The study protocol was approved by the Institutional Review Board of the Hanyang University. Among the 480 medical students, 35 meeting the Rome II but not treated for IBS and 35 randomly selected healthy undergradua-te students were recruited in the study. After giving their informed consent, all volunteers underwent a physical exa-mination and laboratory screening (upper gastrointestinal endoscopy, colonoscopy, routine red and white blood cell count, and biochemical examinations). Subjects receiving any medication (antihistamines, steroids, H2 receptor antagonist, anti-inflammatory drugs, and herb medications) over a two-week period prior to study and those with current severe allergic disease identified by interview were excluded from the study (n = 9). Therefore, out of 70 students, 31 untreated IBS students and 30 healthy students participated in the trial. Forty-four consecutive patients with IBS referred to our institution for evaluation and treatment served as positive controls. Standard workup included upper gastrointestinal endoscopy, laboratory testing and colonoscopy.

The enrolled patients were divided into three groups after clinical evaluation and the application of Rome II criteria. Group I consisted of 44 patients with IBS referred to our institution for evaluation and treatment. All treated patients were selected from a single tertiary outpatient clinic (treatment group). Group II consisted of 31 untreated IBS patients meeting the Rome II criteria but not treated for IBS (untreated group). Group III consisted of 30 healthy undergraduate students (control group).

Questionnaire and clinical measurements

To assess abdominal symptoms and intensity, all study participants were given a questionnaire. A modified WHOQOL (WHOQOL-BREEF) method validated by Min et al[15] was used to measure the quality of life in the IBS and control groups. The questionnaire consisted of 26 items measuring four dimensions of health: physical health, psychological health, social relationships and environmental health. Each item asked the respondents to indicate the extent to which their IBS interfered with their health during the previous four weeks.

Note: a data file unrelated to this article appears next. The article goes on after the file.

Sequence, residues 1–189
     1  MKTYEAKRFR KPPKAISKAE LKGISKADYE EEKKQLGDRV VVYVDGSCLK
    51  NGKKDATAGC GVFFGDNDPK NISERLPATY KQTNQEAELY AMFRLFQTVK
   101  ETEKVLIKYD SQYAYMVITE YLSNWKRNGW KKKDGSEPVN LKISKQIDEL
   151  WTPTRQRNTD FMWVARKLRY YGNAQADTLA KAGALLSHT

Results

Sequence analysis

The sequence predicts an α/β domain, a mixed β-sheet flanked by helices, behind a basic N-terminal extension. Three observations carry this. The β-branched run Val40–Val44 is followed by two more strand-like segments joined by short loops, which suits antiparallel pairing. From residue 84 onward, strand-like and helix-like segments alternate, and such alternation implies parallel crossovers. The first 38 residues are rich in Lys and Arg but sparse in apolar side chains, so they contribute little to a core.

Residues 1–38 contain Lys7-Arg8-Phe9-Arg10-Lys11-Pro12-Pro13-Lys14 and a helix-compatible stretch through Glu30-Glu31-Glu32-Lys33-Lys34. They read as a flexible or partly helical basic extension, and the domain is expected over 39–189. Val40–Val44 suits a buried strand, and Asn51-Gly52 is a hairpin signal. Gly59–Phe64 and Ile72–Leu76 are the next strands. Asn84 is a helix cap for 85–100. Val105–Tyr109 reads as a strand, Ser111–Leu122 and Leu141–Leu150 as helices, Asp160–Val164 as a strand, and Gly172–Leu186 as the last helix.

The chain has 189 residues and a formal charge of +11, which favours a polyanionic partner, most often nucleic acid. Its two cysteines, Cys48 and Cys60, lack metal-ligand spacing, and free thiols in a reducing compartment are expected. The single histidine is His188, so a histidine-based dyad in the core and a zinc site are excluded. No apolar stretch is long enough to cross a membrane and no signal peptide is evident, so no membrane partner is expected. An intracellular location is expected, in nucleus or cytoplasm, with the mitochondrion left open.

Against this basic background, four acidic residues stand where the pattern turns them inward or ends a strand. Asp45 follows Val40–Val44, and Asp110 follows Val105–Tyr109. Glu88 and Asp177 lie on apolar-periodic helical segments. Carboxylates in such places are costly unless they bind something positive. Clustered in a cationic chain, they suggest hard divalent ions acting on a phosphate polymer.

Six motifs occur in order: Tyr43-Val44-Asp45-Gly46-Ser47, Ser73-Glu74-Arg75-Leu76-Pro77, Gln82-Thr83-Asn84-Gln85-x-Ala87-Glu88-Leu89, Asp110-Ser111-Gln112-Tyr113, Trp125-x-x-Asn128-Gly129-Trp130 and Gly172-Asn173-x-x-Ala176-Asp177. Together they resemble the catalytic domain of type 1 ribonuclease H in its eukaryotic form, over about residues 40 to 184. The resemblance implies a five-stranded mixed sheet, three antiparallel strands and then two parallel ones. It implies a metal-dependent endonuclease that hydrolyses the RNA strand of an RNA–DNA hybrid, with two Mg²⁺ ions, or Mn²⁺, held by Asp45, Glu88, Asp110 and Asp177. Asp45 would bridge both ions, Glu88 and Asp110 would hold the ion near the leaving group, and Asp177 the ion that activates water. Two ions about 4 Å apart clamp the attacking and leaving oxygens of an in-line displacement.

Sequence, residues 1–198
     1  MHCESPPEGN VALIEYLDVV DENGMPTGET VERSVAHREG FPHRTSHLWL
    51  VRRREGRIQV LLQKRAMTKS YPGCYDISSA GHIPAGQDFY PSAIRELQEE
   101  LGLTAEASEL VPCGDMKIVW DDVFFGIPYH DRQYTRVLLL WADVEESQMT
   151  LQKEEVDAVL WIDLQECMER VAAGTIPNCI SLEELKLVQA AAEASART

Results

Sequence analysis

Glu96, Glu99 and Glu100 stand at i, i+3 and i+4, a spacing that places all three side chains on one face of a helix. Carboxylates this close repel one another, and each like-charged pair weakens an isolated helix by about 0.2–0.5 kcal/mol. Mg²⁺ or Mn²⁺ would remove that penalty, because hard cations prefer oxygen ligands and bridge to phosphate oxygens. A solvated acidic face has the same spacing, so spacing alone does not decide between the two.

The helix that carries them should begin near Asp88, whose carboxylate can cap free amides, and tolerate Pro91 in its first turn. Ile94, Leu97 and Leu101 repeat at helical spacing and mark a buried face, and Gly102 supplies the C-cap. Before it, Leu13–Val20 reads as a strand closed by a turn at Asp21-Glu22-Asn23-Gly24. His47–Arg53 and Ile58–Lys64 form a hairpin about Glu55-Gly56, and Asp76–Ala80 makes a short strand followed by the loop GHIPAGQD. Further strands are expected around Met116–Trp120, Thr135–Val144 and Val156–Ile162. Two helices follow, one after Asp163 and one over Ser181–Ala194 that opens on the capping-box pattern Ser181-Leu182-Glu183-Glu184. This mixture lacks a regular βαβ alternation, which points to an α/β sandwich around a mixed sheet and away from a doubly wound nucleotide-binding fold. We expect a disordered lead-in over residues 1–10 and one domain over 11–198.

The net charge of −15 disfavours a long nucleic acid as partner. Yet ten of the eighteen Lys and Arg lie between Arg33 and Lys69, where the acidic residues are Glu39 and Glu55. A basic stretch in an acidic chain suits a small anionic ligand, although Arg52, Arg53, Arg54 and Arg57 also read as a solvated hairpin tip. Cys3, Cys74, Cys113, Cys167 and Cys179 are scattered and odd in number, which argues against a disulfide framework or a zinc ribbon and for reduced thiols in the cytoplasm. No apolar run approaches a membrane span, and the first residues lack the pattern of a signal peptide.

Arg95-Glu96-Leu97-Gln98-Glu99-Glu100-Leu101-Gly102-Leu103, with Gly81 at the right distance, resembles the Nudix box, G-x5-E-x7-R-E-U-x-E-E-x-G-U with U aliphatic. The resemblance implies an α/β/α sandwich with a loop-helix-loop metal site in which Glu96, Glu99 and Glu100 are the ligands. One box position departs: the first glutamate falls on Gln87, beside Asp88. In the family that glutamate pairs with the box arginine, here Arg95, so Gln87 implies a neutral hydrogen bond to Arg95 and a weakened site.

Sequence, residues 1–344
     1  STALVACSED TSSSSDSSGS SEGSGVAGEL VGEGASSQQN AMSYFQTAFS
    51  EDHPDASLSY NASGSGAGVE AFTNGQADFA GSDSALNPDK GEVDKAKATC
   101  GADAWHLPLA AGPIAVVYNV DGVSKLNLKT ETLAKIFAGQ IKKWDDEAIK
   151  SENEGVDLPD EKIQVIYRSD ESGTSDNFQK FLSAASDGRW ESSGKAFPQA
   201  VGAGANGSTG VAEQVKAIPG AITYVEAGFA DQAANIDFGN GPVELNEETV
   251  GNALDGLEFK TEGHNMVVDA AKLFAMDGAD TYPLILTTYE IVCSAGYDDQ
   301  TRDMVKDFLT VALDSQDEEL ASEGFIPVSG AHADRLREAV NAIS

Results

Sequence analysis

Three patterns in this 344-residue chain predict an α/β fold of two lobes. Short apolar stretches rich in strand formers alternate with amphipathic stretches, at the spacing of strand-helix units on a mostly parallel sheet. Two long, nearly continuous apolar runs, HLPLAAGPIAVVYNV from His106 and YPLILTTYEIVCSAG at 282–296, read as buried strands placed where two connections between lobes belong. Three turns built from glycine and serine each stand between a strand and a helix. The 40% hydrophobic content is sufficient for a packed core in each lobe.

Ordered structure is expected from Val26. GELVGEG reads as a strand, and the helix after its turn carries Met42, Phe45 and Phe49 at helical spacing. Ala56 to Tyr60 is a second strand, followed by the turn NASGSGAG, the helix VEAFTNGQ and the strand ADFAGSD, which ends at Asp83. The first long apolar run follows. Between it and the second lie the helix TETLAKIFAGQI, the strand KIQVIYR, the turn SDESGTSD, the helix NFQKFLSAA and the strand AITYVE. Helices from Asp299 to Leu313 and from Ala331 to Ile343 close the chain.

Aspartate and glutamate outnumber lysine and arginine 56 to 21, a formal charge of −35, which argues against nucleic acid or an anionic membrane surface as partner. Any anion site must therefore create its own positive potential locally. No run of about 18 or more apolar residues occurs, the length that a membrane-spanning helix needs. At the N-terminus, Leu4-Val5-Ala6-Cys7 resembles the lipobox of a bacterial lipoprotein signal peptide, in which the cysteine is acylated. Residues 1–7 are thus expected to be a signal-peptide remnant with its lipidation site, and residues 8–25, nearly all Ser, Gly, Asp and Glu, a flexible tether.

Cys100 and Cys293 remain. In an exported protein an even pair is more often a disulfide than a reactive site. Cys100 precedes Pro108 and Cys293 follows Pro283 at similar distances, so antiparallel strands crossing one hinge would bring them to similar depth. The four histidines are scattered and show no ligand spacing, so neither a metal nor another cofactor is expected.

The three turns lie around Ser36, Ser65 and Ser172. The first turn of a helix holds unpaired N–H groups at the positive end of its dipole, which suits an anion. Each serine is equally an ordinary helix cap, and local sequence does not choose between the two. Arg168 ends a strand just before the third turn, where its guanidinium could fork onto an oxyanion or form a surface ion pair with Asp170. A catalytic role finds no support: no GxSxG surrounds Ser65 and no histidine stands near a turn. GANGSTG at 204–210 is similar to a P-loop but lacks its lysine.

Skin prick test and RAST

SPT was carried out on all subjects on the upper back involving the application of 70 fresh food extracts using the prick-by-prick method. Some of the fresh food extracts used were saury, mackerel, beef, pork, chicken, milk, egg white, egg yolk, wheat flour, buckwheat, rice, beans, apples, peaches, tomatoes, celery, carrots, onions, peanuts, chocolate, and coffee. A doctor carried out an additional SPT involving the application of inhalant allergens. The 11 commercial allergens tested for D-pteronyssinus, D-farinae, alternaria alternata, grass pollen, tree pollen, mugwort pollen, willow pollen, ragwort, dog hair, cat fur, and cockroaches mix. In both SPTs, one drop of the extract was placed on the skin, and a disposable syringe needle was placed into the drop and then into the skin until a small puncture was visible. A histamine control was employed. SPT was considered positive if the net wheal diameter was significantly greater than the net wheal diameter of the histamine reaction. The reaction to the extract was measured 15-20 min after application. Discomfort and bleeding were not evident.

Serum samples for total IgE and total eosinophil count were collected by trained phlebotomists. Two 10 mL blood samples from an antecubital vein were taken. IgE measurement was determined by the paper radioimmunosorbent test (PRIST, Pharmacia Laboratories, USA) using a Phadebas IgE kit. The total IgE test provided evidence for IgE sensitivity to antigens because the IgE antibody resulted in mast cell activation and release of histamine. Also, total eosinophils were stained with a Hinkelman solution, and the eosinophil count provided immediate hypersensitivity to IgE antibody.

Statistical analysis